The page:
gif: Edd China’s Garage Revival (YouTube)

The concept for former Wheeler Dealers host Edd China’s new “Edd China’s Garage Revival” show has tons of potential. An affable, capable mechanic travels around the world to help people get their projects back on track, Unfortunately, the pilot episode is a bit slow.

Edd China’s loyal fan-base has been anxiously waiting for the tall, likable, t-shirt-over-long-sleeve-wearing mechanic to host a new show after leaving Wheeler Dealers last year, and now the wait is over.

The 40-minute pilot episode for “Edd China’s Garage Revival”—in which China helps a Norwegian get his modified first-generation Volkswagen GTI back on the road after two years of wrenching—is now on YouTube:

The episode begins with a brief and not particularly satisfying introduction to the town of Trøgstad, Norway. China shows viewers the local “hotdog in a waffle” delicacy as well as Trøgstad’s largest employer, a prison.

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I’d like to have seen where the town is on a map (for context), and it might have been good to include a bit more about the area’s history. As it sits, there’s not much to the tour, and frankly, it seems like an afterthought.

Screengrab: Edd China’s Garage Revival (YouTube)

After quickly showing the town, the show describes the history of the first-generation VW Golf, and even shows an old commercial in which an MK1 GTI races down a ski slope. This historical context is an element I always liked about Wheeler Dealers, and I’m glad it carried over in some form to the new show.

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After a few quick facts about the GTI, China visits a local VW Golf expert to learn about ways that Stian Jørgensen, the young man who asked China for help with the GTI project, can drive his car legally in Norway with the 16-valve engine he plans to install. Norway, China points out, is strict when it comes to engine modifications, and sometimes requires that an increase in power be accompanied by other modifications, like stronger brakes.

Screengrab: Edd China’s Garage Revival (YouTube)

While I enjoyed the bit about the GTI’s history, and thought learning about Norway’s strict automotive modification-related regulations was important to the episode, I do think those two bits could have been more smoothly integrated into the story. Putting those elements at the beginning makes viewers wait for what feels like a long time before ever seeing any wrenching. It seems like a long time to build up to the crux of the show.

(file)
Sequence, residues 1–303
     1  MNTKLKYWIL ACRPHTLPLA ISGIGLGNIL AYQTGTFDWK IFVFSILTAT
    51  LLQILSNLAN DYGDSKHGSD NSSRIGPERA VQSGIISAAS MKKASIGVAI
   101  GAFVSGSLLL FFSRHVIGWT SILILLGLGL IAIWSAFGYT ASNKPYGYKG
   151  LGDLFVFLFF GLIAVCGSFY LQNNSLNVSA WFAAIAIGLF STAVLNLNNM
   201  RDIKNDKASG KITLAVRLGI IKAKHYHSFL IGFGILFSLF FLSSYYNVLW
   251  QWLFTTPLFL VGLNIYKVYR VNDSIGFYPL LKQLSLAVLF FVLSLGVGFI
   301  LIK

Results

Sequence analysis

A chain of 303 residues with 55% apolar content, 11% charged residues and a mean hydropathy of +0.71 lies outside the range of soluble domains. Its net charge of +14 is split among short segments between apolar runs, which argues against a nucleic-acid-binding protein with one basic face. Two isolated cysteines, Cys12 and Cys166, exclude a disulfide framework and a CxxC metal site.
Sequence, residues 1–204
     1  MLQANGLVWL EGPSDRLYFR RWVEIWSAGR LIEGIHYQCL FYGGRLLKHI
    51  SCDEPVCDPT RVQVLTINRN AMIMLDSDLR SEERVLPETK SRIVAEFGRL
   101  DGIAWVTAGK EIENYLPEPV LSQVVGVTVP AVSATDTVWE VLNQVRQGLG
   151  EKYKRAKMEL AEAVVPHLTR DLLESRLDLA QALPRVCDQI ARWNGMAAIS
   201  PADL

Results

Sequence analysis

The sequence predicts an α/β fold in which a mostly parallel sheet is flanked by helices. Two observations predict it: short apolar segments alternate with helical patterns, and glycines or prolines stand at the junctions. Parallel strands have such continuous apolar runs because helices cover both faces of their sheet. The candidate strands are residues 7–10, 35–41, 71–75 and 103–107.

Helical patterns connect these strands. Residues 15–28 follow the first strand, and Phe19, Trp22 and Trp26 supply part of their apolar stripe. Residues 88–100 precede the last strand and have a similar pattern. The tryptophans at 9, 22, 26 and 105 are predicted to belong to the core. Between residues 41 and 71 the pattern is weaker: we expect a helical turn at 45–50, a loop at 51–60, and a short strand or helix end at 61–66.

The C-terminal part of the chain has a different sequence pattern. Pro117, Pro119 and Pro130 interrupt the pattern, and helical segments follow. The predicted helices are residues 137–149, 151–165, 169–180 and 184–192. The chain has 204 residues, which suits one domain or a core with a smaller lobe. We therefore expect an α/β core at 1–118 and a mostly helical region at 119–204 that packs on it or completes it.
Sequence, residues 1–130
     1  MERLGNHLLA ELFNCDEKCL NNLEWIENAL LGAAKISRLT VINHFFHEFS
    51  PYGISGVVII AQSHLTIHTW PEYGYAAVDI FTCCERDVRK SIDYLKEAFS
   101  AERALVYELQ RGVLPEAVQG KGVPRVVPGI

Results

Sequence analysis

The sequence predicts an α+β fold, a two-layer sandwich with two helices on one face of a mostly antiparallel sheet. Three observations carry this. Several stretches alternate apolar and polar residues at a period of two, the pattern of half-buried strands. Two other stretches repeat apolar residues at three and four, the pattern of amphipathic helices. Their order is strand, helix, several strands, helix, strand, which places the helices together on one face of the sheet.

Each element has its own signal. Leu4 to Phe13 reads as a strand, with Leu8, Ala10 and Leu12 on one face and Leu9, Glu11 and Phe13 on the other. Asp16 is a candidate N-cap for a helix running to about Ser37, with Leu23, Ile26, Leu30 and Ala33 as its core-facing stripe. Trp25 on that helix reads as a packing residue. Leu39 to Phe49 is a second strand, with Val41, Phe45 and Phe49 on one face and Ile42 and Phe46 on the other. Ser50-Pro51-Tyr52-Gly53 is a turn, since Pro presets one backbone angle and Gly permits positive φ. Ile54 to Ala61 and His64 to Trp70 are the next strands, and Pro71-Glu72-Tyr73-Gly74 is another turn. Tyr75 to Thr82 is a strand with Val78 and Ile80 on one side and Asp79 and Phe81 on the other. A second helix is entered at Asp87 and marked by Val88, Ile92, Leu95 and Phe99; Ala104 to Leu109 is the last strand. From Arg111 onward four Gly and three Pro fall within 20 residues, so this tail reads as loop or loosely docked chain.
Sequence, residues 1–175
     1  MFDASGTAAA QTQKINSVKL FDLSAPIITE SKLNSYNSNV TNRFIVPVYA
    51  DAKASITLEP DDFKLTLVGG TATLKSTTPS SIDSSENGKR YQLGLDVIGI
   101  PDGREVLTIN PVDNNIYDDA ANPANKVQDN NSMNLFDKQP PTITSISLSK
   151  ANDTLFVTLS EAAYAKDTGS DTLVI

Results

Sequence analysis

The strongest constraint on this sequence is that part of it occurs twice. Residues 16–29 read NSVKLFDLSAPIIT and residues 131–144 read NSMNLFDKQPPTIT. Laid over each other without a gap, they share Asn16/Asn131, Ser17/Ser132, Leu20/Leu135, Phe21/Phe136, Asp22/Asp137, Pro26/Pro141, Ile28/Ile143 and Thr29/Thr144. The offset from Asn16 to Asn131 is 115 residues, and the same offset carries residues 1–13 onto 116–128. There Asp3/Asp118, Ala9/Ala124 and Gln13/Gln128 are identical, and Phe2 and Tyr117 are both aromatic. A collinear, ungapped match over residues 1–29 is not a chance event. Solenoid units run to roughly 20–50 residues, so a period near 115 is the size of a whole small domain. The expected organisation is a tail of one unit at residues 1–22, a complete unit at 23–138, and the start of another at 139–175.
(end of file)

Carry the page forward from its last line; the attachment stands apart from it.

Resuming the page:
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Screengrab: Edd China’s Garage Revival (YouTube)

The wrenching itself was interesting, though the jobs weren’t particularly technical. Don’t get me wrong, learning about the metal “stays,” and how they work with little clips in the GTI’s body to keep the headliner up was fascinating. The windshield installation, the rear disc brake modifications, the wheel refurbishing and the motor install were also cool to see, though I wish Edd had tackled something a bit more technical. Describing how complex technical gizmos work is one of China’s specialties, after all.

Another one of his specialties is giving viewers tips and tricks on how to fix things, like how to make sure the headliner stays are the right size, how to use rope or wire to install a windshield, and how to use a dial indicator to make sure a brake rotor is within spec. This is Edd China in his element, and he did an excellent job displaying it in this pilot episode.

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Screengrab: Edd China’s Garage Revival (YouTube)

The episode ends with Jørgensen and China hooning the beautiful little GTI, which is definitely the right way to end.

Still, I’m left wanting more. I understand that making two guys wrenching in a cold Norwegian garage into an extremely exciting bit of TV is a tall order, but it seems to me like there are still some low-hanging fruit to pick. I’d either elaborate on or nix the introduction to the local town, I’d get straight to the wrenching early on, and I’d be sure to have Edd China tear into complex gadgets so he can spill some more wisdom from his brilliant brain.

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The concept is promising, and China is extremely capable, so I’m hopeful that if/when this actually gets picked up by a network, it gets fine tuned in a way that takes full advantage of China’s excellent hosting and wrenching skills.